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Comment Less than 1400 years and counting (Score 1) 412

If this is a Dyson Sphere we have less than 1400 years before they will see a transmission from us. And then we need to hope they are friendly or just don't care about primitive planets.

If they are building a Dyson Sphere they started this before 600 AD, and our technology is not going to be anywhere close to what they will have.

Comment Re:Slippery Slope (Score 2) 138

Not really, this is the same as turning someone in the mob and using them against others.

I am against government surveillance, but this seems to be just the government using an illegal site to figure out who is using it. They just kept the site running for a couple weeks to catch and track down its users, who were breaking the law by being on a child porn site.

Comment Ejected Star (Score 1) 81

Occasionally we have seen stars that have been ejected from their galaxies. This can happen during galaxy mergers.

How do we not know that this is just a massive star that turned into a black hole after it got ejected from its original galaxy? After all massive stars do not last that long because of their size.

Submission + - Why is gravity the weakest force?

StartsWithABang writes: If you calculate the forces between two fundamental particles separated by subatomic distances, you find that the strong, electromagnetic or weak nuclear force could all be the strongest, dependent on the particulars of your setup. But throw gravity in there, and it turns out to be weaker by some 40 orders of magnitude. This discrepancy, that gravity is such an oddball, is known as the hierarchy problem, and is by many measures the greatest unsolved problem in theoretical physics. Yet the new, upgraded run of the LHC has the potential to uncover any one of four possible solutions, some of which we have hints for already.

Comment Re:Why are there so few? (Score 2) 51

The designs of these devices are not that trivial. They require a power source with most space craft it is either solar or nuclear powered. The solar cells are expensive and the nuclear devices are more even expensive. The cameras and sensors are expensive as well. Also these devices require rad-hardened materials which are not easy to come by as well.

And all of this is forgetting about the cost of actually getting the devices into space to begin with.

Duplication isn't trivial for most devices, but if you are going to make a billion of them. It makes sense to set up a system that produces these rapidly and then duplication becomes trivial after setting up the system. Sending 2-5 items into space isn't worth setting up the type of system which makes these thing trivial as well.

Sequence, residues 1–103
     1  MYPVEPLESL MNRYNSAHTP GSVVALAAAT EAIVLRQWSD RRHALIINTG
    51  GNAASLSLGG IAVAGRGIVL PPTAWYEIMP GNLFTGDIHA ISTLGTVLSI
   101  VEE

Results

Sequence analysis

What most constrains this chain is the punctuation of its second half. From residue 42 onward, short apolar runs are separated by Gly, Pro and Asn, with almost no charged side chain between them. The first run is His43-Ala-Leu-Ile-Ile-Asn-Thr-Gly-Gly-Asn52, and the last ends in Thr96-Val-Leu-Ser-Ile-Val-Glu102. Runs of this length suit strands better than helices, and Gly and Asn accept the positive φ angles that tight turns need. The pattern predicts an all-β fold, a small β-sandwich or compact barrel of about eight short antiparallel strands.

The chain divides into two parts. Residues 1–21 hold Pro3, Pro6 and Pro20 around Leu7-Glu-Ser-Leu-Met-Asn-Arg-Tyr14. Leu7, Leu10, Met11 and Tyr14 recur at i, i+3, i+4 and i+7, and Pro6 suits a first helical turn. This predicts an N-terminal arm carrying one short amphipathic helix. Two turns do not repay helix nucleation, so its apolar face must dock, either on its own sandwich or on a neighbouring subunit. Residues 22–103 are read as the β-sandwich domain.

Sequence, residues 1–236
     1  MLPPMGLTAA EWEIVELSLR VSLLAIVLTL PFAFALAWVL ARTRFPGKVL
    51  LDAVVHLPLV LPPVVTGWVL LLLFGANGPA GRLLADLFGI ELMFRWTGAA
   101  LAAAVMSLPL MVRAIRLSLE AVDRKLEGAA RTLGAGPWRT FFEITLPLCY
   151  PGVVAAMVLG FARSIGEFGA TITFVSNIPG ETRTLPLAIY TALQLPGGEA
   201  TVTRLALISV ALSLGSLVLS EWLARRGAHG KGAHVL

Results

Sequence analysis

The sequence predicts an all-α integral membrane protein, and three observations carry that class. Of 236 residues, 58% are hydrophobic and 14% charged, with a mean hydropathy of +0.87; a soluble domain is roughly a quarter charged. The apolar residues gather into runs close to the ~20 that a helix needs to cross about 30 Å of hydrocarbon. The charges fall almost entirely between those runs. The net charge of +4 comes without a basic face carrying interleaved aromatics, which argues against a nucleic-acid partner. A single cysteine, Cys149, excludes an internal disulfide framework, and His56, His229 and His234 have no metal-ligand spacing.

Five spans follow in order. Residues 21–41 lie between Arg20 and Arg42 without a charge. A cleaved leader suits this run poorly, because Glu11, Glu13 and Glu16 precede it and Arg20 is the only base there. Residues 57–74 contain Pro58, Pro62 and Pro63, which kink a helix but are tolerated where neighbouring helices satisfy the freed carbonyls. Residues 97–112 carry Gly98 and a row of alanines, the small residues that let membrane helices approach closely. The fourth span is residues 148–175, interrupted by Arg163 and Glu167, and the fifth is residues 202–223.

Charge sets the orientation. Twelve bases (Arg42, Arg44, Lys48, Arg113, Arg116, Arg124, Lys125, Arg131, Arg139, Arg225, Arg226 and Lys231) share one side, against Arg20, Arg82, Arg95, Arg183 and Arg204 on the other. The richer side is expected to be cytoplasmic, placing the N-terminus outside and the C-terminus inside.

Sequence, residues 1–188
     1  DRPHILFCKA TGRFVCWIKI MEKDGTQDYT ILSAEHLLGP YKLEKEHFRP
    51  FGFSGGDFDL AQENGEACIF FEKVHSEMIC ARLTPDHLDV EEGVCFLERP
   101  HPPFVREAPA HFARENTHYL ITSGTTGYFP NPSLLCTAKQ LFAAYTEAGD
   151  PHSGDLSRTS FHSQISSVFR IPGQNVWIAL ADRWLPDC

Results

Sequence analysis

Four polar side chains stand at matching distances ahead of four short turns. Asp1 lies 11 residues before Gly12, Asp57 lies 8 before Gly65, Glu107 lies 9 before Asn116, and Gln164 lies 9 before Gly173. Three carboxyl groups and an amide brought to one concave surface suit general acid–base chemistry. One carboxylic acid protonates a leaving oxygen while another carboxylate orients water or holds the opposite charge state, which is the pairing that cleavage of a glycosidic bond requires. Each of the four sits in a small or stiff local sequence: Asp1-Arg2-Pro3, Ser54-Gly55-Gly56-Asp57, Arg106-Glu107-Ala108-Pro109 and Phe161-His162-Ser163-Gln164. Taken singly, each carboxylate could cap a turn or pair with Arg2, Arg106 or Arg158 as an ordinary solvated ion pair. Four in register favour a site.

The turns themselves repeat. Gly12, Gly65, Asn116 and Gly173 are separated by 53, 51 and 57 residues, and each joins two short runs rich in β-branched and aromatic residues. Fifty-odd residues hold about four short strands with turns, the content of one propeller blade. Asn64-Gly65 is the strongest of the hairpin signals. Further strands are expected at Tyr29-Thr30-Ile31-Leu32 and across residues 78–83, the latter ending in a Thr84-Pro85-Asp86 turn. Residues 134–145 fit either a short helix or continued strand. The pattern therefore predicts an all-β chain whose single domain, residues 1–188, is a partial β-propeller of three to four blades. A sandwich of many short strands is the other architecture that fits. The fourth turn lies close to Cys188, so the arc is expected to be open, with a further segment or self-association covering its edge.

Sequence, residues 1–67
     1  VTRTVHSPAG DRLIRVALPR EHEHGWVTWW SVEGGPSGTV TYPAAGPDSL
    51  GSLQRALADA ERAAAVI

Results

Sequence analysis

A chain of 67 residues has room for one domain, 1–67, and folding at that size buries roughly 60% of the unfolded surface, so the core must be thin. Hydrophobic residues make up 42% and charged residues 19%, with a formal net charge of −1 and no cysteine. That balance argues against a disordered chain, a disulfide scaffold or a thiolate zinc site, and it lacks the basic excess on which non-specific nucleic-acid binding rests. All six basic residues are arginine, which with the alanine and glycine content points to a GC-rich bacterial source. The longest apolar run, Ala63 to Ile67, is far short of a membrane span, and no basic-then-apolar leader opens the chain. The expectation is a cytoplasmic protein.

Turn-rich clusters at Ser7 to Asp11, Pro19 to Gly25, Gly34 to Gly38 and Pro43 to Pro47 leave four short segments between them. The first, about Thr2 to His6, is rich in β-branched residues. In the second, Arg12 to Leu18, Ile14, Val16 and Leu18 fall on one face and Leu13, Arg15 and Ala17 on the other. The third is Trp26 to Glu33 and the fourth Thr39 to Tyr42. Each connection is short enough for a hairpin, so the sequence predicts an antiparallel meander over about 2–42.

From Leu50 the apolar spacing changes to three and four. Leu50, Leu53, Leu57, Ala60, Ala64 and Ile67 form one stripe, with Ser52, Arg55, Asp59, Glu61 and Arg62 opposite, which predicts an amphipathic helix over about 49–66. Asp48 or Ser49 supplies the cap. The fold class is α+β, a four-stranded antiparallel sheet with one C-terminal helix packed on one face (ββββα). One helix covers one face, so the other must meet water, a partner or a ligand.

Comment Re:State Courts (Score 1) 48

As a general rule, nobody wants to be in state courts if they can help it. There are exceptions, and there are some good state courts, but you still would almost always rather be in federal court. If they could figure out a way to put all trade secrets cases in the commercial division in New York, for a counterexample of a good state court system, they might do it. But depending on the patchwork of inconsistent quality and law in state courts, if you're a big company in particular you'd rather just deal with federal courts.

That is the cost of those companies rooting themselves in those states.

Comment Re:Back to the future.. (Score 2) 369

The Earth has feedback mechanisms to keep things cozy.

Yeah but these feedback mechanisms have serious consequences as well.

The oceans are becoming warmer and more acidic because they are absorbing some of the excess CO2 in the atmosphere. https://en.wikipedia.org/wiki/Ocean_acidification

The warmer oceans are causing some species to die off http://news.discovery.com/earth/oceans/unusual-warming-kills-gulf-of-maine-cod-151029.htm

And we don't know what all of these feedback mechanisms are going to be and what their consequences are going to be either. But if we start having mass die-offs of phytoplankton, most animals will die off including us.

Earth's feedback mechanisms, are made to cope with temperature change over tens of thousands of years, not in a century or two. So either we can change now to help stabilize this change before it gets really bad or we can just sit back and watch it happen and continually adapt to all of the changes, while we kill off a lot of different species and alter the planet completely.

Comment Re:In line with current US thinking (Score 3, Informative) 190

"Constitutional rights? Bah! Who needs 'em!" seems to be the watchword of the new millenium.

//unless they're gun rights, of course. The gun nuts get everything they want.

I thought this was illegal at first. But a little research says that this is perfectly legal. If a prisoner wants to have an unrecorded conversation with his/her lawyer they can do that in person.

http://www.nolo.com/legal-encyclopedia/can-jail-record-telephone-conversation-lawyer.html

Comment Re:Thermometer accuracy (Score 4, Informative) 735

If mercury itself can be made that accurate and we did it over 100 years ago, I tend to struggle why in the hell we would use anything else today.

Mercury thermometers could break occasionally. Mercury_poisoning

And Mercury is not an abundant element to find especially because it is liquid at room temperature.

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